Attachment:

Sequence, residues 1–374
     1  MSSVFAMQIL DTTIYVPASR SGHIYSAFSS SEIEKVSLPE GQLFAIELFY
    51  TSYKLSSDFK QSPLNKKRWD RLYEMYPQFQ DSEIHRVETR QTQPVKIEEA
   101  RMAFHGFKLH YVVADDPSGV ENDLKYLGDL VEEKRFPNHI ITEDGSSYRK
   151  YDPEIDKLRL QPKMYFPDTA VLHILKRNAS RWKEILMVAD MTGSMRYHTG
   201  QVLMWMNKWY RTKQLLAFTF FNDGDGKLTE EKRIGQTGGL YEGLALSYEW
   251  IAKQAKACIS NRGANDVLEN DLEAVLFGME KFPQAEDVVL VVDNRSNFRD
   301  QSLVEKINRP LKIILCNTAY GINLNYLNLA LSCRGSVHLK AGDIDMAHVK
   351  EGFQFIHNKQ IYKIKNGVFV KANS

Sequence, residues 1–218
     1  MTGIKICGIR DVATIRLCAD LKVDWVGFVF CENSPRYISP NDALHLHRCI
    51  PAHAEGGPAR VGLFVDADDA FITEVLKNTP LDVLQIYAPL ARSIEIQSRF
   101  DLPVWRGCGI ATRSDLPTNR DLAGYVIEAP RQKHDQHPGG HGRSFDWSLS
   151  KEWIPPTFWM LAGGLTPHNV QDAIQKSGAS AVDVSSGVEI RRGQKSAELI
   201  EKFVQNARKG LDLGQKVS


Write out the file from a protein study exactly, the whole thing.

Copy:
Sequence, residues 1–374
     1  MSSVFAMQIL DTTIYVPASR SGHIYSAFSS SEIEKVSLPE GQLFAIELFY
    51  TSYKLSSDFK QSPLNKKRWD RLYEMYPQFQ DSEIHRVETR QTQPVKIEEA
   101  RMAFHGFKLH YVVADDPSGV ENDLKYLGDL VEEKRFPNHI ITEDGSSYRK
   151  YDPEIDKLRL QPKMYFPDTA VLHILKRNAS RWKEILMVAD MTGSMRYHTG
   201  QVLMWMNKWY RTKQLLAFTF FNDGDGKLTE EKRIGQTGGL YEGLALSYEW
   251  IAKQAKACIS NRGANDVLEN DLEAVLFGME KFPQAEDVVL VVDNRSNFRD
   301  QSLVEKINRP LKIILCNTAY GINLNYLNLA LSCRGSVHLK AGDIDMAHVK
   351  EGFQFIHNKQ IYKIKNGVFV KANS

Sequence, residues 1–218
     1  MTGIKICGIR DVATIRLCAD LKVDWVGFVF CENSPRYISP NDALHLHRCI
    51  PAHAEGGPAR VGLFVDADDA FITEVLKNTP LDVLQIYAPL ARSIEIQSRF
   101  DLPVWRGCGI ATRSDLPTNR DLAGYVIEAP RQKHDQHPGG HGRSFDWSLS
   151  KEWIPPTFWM LAGGLTPHNV QDAIQKSGAS AVDVSSGVEI RRGQKSAELI
   201  EKFVQNARKG LDLGQKVS